August 19, 2014

UAB’s Alys Stephens Center presents Birmingham’s Duquette Johnston

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duquette johnsonDuquette Johnston, one of the most talented artists to emerge from Birmingham’s music scene, will perform live Friday, Sept. 12, in an intimate show presented by the University of Alabama at Birmingham’s Alys Stephens Performing Arts Center.

Armand Margjeka will open for Johnston. The concert is set for 7:30 p.m. in the ASC’s continental-style, acoustically excellent 350-seat Sirote Theatre, 1200 10th Ave. South. Tickets are $29.50. Call 205-975-2787 or visit

Over his last three records, Johnston explored his relationship with Alabama, where he has been a fixture in the music scene for more than 20 years. His albums offered many raw looks at his time coming out of ʼ90s rock ‘n’ roll — he founded and played bass for Verbena before the band signed with Capitol Records — the costs of fame and the toll it can take on the creative mind. But through the trials, three exquisite records emerged, each building on the others’ strengths and revealing Johnston’s knack for writing songs in his own commanding voice.

Johnston’s 2013 groundbreaking release, “Rabbit Runs a Destiny,” is new territory. Produced by Margjeka, these songs mark a new journey for Johnston, unveiling a voice that is willing to be vulnerable and strong. Anchored by sweeping and majestic sonic landscapes, “Rabbit” shows a musician firmly in control of his craft and unafraid to grow and dig deeper. From stripped-down acoustic tracks to enormous crashes of drums, haunting strings and thick vocal harmonies, the album also boasts backing singers Isaaca Byrd of Nashville-based band The Bridges and singer/songwriter Natalie Prass.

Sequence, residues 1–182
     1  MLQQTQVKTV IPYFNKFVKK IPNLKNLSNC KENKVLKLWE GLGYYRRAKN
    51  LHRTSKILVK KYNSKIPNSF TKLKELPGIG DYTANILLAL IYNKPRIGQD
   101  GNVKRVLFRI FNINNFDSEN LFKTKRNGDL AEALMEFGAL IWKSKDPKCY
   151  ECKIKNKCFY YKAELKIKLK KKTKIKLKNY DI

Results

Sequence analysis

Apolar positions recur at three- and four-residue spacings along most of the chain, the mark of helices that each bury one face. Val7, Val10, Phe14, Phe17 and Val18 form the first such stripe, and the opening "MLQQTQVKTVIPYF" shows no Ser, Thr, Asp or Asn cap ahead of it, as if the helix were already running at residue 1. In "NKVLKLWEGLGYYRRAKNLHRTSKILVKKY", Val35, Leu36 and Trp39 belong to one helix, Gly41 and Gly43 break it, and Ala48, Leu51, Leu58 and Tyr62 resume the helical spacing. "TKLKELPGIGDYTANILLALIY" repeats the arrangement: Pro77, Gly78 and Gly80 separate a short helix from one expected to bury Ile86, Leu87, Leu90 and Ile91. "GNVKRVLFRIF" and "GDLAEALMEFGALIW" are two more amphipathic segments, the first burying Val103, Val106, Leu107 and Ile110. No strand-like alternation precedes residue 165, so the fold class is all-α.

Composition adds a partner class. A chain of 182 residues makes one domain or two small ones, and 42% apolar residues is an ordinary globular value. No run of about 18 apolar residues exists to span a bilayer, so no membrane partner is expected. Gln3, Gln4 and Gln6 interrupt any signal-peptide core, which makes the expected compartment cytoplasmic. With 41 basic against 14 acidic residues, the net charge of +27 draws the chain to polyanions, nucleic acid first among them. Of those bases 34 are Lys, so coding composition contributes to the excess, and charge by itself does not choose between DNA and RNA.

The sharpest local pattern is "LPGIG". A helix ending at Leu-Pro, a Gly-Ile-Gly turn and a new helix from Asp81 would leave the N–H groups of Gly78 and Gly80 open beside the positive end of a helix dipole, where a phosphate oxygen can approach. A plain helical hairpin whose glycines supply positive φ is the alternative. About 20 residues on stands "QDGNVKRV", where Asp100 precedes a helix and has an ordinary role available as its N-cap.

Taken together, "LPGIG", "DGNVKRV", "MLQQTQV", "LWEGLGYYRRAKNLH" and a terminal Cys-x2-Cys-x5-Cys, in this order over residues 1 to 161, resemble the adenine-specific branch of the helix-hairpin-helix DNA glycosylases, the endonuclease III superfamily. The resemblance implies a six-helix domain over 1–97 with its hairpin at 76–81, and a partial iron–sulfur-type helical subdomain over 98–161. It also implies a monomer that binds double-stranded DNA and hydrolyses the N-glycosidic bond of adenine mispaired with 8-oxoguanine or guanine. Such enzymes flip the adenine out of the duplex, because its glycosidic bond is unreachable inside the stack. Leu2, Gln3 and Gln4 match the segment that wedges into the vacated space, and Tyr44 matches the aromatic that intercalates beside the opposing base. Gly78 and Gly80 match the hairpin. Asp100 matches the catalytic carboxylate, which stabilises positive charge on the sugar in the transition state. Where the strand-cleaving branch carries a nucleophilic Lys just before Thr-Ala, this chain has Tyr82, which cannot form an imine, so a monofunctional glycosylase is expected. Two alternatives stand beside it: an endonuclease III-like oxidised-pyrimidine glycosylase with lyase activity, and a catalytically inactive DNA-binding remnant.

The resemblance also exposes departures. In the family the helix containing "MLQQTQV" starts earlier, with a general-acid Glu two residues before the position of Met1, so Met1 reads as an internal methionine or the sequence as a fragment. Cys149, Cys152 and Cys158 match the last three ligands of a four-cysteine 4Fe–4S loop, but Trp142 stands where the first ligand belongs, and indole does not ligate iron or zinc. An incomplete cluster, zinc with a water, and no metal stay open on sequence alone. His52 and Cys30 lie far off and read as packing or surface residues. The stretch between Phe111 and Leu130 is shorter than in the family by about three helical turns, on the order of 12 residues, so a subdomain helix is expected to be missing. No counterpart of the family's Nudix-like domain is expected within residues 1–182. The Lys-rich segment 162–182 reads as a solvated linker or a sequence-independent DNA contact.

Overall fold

This performance will bring together Johnston’s rock band with orchestral musicians, forming the largest band the artist has performed with to date.

The concert is set for 7:30 p.m. in the ASC’s continental-style, acoustically excellent 350-seat Sirote Theatre. Tickets are $29.50. Call 205-975-2787 or visit

“I’ve been performing with a nine-piece band, which includes my string quartet; but being able to play in the ASC Sirote Theatre will allow me the space and setting to bring to life the orchestra I have envisioned in the past year,” Johnston said

Margjeka was born in Tropoia, a small town nestled in the Albanian Alps. Margjeka’s musical influences came during his formative years as Western music slowly made its way into a country still reeling from the fall of the Berlin Wall. As a songwriter and producer living in Birmingham, Margjeka has developed a reputation for his fascination with the process of making great records: that intentional, incidental and accidental sounds breathe life into a recording and embody its unique character. Margjeka’s recently released sophomore album, “Hummingbird,” is available from Birmingham’s Communicating Vessels.

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